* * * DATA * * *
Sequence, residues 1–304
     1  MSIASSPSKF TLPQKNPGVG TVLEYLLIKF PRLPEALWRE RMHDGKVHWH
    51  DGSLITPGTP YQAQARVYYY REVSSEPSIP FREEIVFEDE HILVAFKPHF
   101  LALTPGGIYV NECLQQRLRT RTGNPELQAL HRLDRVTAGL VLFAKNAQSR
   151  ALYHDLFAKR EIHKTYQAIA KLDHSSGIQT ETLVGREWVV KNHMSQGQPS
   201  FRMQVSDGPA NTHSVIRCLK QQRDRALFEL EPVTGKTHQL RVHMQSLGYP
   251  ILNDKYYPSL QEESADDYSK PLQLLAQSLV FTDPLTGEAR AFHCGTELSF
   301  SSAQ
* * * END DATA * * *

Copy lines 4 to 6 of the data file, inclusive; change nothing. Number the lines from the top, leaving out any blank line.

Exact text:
   101  LALTPGGIYV NECLQQRLRT RTGNPELQAL HRLDRVTAGL VLFAKNAQSR
   151  ALYHDLFAKR EIHKTYQAIA KLDHSSGIQT ETLVGREWVV KNHMSQGQPS
   201  FRMQVSDGPA NTHSVIRCLK QQRDRALFEL EPVTGKTHQL RVHMQSLGYP